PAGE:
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Welfare Agency Responds To Criticism By Feeding Complainant's Personal Info To Obliging Journalist

Really can’t say enough good things about public servants, especially when their response to criticism is to expose personal details in a published interview.

Andie Fox wrote an article for the Canberra Times about her struggle to get an ex’s debt removed from her record. Following several calls from Centrelink — Australia’s Department of Human Services — attempting to recover this misplaced debt, Fox spent hours — including most of day she took off from work — trying to speak to human being directly about her situation. As is par for the bureaucratic course, this was almost impossible.

I soon found out that to even ask the simplest question about a Centrelink debt requires you to throw yourself into a vortex of humiliating and frustrating bureaucratic procedures.


Having gone as far as I could on the website, I eventually pressed the Centrelink employee and asked that I please be able to just speak to someone directly. I joined another queue. A different staff member saw me at a counter and, again, I relayed my story. Increasingly, I shed any dignity around discussing the details of my break-up and finances.

Here, you have a three-minute window. You have to speak quickly. You have to speak loudly, so nothing is missed. There is no other way to put this, you sound nuts. You are literally announcing the wreckage of your life to a complete stranger in a room full of other strangers.

This is only a short sampling from Fox’s article. In addition to providing services like welfare, Centrelink goes after people it feels it may have handed out undeserved benefits to. Her problem was eventually resolved — not on site — but after her article’s publication.

Centrelink apparently felt Fox’s case was an aberration. Someone from the agency spoke to Paul Malone of the Sydney Morning Herald to “set the record straight.” Apparently, setting the record straight involves handing over specific details of a person’s relationships/tax payments to a journalist. (And the journalist’s decision to publish these details? Well, that’s on him.)

Included in the rebuttal piece were details Fox hadn’t shared in her article. Like when the relationship had ended and which years the disputed tax assessment covered.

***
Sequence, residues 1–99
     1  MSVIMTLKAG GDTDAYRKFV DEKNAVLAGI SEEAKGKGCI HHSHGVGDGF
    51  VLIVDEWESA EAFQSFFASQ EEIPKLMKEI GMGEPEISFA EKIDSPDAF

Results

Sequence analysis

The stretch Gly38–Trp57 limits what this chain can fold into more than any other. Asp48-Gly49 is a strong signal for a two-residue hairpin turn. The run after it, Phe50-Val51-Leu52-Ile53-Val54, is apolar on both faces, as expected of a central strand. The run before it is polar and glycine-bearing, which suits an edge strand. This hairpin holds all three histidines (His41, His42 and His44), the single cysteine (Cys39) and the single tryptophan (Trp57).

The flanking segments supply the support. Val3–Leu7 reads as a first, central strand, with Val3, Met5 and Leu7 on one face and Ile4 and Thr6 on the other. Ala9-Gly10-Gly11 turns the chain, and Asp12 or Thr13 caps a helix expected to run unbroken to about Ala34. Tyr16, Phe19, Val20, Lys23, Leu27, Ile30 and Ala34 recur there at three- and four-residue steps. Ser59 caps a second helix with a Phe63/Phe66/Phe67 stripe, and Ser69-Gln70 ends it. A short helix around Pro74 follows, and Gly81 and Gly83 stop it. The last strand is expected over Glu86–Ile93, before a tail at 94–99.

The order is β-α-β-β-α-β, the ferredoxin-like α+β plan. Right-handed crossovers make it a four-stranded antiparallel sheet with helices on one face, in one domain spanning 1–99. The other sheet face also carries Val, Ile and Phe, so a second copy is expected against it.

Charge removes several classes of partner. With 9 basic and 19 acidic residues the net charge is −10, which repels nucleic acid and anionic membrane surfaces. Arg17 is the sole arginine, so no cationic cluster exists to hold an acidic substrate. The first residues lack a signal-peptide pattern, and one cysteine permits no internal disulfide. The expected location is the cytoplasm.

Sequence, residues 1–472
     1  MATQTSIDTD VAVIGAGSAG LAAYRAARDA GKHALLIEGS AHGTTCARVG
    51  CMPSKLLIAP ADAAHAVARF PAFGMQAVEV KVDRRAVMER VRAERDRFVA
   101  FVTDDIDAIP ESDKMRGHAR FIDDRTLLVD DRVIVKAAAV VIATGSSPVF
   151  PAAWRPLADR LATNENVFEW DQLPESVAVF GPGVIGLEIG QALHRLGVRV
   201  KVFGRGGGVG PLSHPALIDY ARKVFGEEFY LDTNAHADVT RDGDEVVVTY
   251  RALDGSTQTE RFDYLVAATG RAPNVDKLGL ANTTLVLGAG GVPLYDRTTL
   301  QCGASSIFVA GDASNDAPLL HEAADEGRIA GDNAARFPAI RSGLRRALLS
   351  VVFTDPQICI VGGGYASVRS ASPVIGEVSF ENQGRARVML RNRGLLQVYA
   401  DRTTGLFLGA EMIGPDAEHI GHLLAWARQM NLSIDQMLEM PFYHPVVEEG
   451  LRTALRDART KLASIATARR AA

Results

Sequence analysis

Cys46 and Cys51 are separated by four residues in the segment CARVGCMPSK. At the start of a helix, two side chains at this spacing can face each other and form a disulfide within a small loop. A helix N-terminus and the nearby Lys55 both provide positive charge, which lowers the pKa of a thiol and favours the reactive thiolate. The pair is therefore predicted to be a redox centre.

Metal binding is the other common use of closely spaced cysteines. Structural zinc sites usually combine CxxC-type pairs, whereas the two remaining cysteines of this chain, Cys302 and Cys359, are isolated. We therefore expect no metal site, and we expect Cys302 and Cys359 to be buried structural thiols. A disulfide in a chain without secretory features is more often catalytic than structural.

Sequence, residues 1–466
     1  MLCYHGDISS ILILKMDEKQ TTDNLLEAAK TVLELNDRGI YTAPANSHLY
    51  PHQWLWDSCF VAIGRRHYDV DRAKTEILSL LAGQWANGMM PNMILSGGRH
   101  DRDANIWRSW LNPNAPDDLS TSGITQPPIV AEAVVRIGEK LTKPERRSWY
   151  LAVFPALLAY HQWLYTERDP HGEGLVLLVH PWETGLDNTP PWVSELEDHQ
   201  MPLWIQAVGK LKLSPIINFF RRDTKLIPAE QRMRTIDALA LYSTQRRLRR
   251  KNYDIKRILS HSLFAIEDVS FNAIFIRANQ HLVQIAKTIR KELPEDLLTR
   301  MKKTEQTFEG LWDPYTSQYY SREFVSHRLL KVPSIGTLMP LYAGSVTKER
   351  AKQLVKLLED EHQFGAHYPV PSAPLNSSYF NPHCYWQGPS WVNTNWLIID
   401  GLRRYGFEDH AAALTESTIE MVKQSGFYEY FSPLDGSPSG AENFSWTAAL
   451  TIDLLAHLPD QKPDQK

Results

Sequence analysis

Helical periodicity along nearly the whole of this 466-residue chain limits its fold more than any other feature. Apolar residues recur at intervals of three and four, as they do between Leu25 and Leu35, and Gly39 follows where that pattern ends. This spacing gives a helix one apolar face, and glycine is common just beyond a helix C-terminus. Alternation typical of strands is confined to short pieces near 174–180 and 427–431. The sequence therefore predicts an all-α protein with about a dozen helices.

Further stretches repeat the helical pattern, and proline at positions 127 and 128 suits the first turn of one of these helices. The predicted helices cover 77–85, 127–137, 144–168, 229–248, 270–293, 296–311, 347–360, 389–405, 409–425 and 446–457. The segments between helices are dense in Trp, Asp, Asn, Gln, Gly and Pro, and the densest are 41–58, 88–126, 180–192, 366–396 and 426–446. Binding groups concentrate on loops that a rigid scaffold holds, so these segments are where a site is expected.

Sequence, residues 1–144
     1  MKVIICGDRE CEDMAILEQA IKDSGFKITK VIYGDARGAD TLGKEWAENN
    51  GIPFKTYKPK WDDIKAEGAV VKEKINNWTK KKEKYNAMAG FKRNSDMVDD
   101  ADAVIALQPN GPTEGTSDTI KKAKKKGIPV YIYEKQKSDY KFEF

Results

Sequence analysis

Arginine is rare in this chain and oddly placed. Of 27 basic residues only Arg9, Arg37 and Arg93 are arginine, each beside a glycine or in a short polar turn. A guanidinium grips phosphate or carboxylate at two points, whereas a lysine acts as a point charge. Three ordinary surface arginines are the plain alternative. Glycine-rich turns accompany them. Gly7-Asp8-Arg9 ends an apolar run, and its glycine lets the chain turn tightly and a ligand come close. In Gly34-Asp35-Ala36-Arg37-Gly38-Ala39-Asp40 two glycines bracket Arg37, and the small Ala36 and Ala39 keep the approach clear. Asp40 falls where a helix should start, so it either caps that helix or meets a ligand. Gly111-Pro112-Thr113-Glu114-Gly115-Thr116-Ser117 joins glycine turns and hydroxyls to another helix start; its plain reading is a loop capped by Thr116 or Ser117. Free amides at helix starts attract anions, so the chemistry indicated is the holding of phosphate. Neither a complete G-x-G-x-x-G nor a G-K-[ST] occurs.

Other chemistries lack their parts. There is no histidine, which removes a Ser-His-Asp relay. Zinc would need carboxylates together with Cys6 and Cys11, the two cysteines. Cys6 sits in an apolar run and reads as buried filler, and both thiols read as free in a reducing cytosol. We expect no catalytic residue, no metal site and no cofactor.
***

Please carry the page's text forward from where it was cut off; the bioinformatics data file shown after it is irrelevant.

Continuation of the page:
But Centrelink has a different story.

The agency says Ms Fox’s debt is a Family Tax Benefit (FTB) debt for the 2011-12 financial year which arose after she received more FTB than she was entitled to because she under-estimated her family income for that year.

The original debt was raised because she and her ex-partner did not lodge a tax return or confirm their income information for 2011-12.


Centrelink says it was not until 2015 that she informed them that she had separated from her partner in 2013.

According to Centrelink, it did nothing wrong and violated no privacy laws by handing over this information to a third party — a third party that would make them completely public.

The department confirmed that Fox’s personal information was approved for release to Fairfax Media. It said it was necessary to correct the public record about several inaccurate claims Fox had made.

The information was approved for release by a deputy secretary. The department’s head of legal services and general counsel both said they were comfortable with the release of the information. It was then provided to Fairfax Media by the office of the human services minister, Alan Tudge.

The department claims it has the right to dump personal info if it feels it needs to “correct the record.” That seems incredibly petty, if not possibly illegal. But the wonderful thing about government agencies like Centrelink is that it can simply waive someone else’s privacy protections without breaking the law or consulting any higher authority.

Ordinarily it would be an offence for social services staff to disclose “protected information” held by the agency, which would include a person’s Centrelink details. But the secretary has a broad discretionary power to release information “to such persons and for such purposes” as they deem fit.

The spokeswoman said such disclosures did not need to be formally authorised by the department’s secretary.

So… it’s not really “protected information,” is it? Not if a government agency can instantly strip away the protection without further legal review and for no better reason than contradicting perceived slights delivered by bloggers/journalists.

And it’s not as though citizens can do anything at all to prevent Centrelink from distributing this information at its own discretion, much less compiling a wealth of personal details. Dealing with the government is one of life’s few certainties. No one really gets to “opt out.” And if Centrelink is making any guarantees about protecting personal information in the multitudinous forms it asks citizens to fill out, it’s completely full of shit.

Update: And full of shit Centrelink may be. This just in from The Register:

The Office of the Australian Information Commissioner is investigating whether it’s acceptable for an Australian government department to release personal data when seeking to correct the public record when clients recount their interactions with government agencies.

The office has told The Register it’s “making inquiries with the Department of Human Services” after a Canberra Times article offered a rebuttal to a blogger’s account of her interactions with payments agency Centrelink.

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Author: Tim Cushing

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